We still returned home on Monday, but I continued to give Nico IV fluids at night and IV antibiotics every six hours. Miserable. Neither Nico nor I slept much for the past several days and it really wore both of us out. Of course, Nico is also recovering from being injected with an incredibly toxic substance and sick, so my exhaustion is comparatively trivial. We were able to stop the antibiotics yesterday, and I am hoping that we both sleep tonight.
Nico will have another blood draw on Sunday, and if he has recovered, we go through the methotrexate all over again starting Monday. There is a mixture of pure dread and desperation to get through this phase as quickly as possible. Our oncologists are not convinced that the drop in Nico’s counts is from the chemo, but think it is entirely possible he caught a virus that suppressed his immune system on top of everything else. This possibility makes Jeff and I even more nervous about exposing Nico to other people because this event has resulted in holding a type of chemo that Nico was supposed to be receiving for the last two weeks (it is too dangerous to give it when his counts are this low).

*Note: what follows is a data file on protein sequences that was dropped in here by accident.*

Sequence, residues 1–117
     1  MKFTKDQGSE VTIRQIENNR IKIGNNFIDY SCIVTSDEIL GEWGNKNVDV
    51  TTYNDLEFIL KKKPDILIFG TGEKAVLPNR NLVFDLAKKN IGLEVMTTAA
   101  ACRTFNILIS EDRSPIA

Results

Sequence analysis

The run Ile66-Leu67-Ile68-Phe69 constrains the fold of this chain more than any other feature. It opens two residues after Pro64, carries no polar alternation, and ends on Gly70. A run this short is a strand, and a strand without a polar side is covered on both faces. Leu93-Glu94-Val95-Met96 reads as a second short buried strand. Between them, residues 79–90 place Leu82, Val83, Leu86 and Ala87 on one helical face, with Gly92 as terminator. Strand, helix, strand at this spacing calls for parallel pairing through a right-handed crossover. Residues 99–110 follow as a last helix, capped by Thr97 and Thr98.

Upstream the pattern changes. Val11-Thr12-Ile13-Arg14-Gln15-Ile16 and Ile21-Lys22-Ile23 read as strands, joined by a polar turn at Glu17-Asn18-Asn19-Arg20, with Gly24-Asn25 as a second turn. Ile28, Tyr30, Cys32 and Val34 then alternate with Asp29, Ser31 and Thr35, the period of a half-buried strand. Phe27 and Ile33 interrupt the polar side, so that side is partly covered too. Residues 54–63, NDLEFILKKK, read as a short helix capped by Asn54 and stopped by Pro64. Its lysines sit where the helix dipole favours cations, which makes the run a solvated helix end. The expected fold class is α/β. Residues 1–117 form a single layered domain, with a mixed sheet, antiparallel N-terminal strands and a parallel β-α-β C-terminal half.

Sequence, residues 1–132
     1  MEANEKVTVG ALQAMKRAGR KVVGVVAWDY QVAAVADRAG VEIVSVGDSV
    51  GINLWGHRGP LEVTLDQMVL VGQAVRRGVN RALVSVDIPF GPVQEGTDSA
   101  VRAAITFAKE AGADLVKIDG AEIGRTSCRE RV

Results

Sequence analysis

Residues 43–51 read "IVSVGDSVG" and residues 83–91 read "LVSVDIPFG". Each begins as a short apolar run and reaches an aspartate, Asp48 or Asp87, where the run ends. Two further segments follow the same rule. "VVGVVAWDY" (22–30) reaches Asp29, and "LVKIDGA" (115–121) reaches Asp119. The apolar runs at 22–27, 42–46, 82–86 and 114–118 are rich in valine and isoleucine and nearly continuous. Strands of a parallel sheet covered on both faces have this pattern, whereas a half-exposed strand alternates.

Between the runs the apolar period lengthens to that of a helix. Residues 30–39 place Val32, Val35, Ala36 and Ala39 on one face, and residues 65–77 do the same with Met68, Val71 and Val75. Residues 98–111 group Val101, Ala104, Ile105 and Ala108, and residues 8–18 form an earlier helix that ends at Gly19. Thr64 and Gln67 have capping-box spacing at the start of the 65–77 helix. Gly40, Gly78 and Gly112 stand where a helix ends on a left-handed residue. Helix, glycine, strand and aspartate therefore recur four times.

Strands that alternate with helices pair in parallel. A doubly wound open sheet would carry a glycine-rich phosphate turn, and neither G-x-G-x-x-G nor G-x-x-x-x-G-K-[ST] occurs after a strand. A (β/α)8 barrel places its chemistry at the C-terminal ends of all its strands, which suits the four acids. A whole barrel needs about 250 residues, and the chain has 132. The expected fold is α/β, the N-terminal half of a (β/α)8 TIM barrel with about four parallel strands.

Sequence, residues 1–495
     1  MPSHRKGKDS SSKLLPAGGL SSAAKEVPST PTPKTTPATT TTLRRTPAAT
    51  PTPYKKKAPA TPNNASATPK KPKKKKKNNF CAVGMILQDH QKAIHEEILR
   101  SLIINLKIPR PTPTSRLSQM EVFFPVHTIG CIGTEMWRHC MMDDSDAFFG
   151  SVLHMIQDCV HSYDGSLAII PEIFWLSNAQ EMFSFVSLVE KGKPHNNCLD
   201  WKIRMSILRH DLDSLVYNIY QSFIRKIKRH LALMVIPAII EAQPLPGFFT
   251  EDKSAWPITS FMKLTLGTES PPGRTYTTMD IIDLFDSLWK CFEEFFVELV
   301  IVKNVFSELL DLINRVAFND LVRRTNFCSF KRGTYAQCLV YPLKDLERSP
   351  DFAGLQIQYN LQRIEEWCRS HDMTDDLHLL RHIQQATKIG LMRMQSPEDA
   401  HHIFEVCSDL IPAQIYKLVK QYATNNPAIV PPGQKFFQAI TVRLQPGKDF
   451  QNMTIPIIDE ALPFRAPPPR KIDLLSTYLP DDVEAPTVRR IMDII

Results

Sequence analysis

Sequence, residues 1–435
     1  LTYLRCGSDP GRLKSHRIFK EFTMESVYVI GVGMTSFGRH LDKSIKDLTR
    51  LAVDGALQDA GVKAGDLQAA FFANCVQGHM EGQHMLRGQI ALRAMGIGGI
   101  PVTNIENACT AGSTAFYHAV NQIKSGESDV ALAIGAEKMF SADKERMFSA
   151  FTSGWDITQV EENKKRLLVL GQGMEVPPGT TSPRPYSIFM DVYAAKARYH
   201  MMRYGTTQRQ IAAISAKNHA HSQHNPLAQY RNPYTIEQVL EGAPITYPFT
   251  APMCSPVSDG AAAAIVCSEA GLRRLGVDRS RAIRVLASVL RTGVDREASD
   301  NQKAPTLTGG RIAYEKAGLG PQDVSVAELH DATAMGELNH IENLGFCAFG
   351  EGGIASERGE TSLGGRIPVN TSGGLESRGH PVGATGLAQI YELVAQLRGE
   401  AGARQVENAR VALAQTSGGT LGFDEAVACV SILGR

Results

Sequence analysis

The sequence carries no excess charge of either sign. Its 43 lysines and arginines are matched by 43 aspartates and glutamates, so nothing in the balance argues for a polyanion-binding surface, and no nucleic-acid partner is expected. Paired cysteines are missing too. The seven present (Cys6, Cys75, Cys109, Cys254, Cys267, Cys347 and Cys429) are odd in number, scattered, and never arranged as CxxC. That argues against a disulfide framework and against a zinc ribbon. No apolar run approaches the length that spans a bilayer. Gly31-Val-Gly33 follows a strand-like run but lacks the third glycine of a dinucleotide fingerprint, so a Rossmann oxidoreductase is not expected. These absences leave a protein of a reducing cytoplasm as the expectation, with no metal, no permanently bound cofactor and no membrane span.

So there it is. Even though we spent Mother's Day in the hospital, I would not say that Mother’s Day completely stunk this year. In fact it was a celebratory, fantastic, joyous Mother’s Day because we got the results of Nico’s bone marrow biopsy and his marrow looks completely normal. Now we just have to make sure it stays that way.